|Title||Systematic Review, Meta-Analysis, and Population Attributable Risk of Dementia Associated with Traumatic Brain Injury in Civilians and Veterans.|
|Publication Type||Journal Article|
|Year of Publication||Forthcoming|
|Authors||Gardner, RC, Bahorik, A, Kornblith, ES, Allen, IElaine, Plassman, BL, Yaffe, K|
|Journal||Journal of Neurotrauma|
|Keywords||Dementia, systematic review, Traumatic Brain Injury, veteran|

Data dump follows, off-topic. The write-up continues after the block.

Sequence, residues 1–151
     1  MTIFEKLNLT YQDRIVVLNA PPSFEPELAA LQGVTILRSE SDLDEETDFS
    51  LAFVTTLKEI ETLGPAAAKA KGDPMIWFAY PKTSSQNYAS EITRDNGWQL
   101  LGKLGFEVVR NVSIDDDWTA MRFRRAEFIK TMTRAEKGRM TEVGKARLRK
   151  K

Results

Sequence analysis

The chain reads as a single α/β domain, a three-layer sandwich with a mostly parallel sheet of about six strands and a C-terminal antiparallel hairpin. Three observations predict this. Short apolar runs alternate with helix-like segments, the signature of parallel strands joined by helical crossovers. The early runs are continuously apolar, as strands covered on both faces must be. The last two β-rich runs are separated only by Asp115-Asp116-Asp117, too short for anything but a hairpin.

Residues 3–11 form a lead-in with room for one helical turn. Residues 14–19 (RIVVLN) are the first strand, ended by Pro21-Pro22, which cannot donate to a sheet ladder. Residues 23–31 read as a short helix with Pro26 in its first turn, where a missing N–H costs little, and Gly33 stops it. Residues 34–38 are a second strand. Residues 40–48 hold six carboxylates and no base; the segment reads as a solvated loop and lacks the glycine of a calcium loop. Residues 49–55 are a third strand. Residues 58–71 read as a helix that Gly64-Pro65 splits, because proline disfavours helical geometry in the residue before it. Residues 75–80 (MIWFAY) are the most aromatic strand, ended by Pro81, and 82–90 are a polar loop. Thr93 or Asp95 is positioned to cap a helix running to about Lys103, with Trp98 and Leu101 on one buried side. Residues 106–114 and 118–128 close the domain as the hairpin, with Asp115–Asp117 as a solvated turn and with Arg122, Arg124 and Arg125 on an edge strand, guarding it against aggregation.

Traumatic brain injury (TBI) is an established risk factor for dementia. However, the magnitude of risk is highly variable across studies. Identification of sub-populations at highest risk, with careful consideration of potential sources of bias, is urgently needed to guide public health policy and research into mechanisms and treatments. We conducted a systematic review and meta-analysis of risk of all-cause dementia after all-severity TBI. We assessed for effect of participant age and sex, veteran status, research methods, and region. The search window covered January 1990 to January 2019. We followed the Preferred Reporting Items for Systematic Reviews and Meta-Analyses (PRISMA) reporting guidelines. Thirty-two studies met inclusion criteria. Data were pooled using random effects models. Population attributable risk (PAR) of dementia due to TBI in the U.S. was calculated by sex and veteran status. Pooled risk ratio (RR) for dementia after TBI was 1.66 (95% confidence interval 1.42-1.93). Younger age, male sex, and studies from Asia were associated with significantly higher risk; veteran status was not. Risk of dementia associated with "head injury/trauma" was not significantly different from that associated with "TBI" diagnosis specifically. PAR of dementia due to TBI among U.S. veterans was twice that of the general U.S. population, largely due to the high prevalence of TBI exposure in the majority male veteran population. This meta-analysis found that TBI is associated with nearly 70% increased risk of dementia. Risk may be highest among younger adults, men, and cohorts in Asia. Efforts to prevent TBI and also to prevent post-TBI dementia are of high importance. Additionally, improved methods for diagnosing and tracking TBI on a public health level, such as national registries, may improve the quality and generalizability of future epidemiological studies investigating the association between TBI and dementia.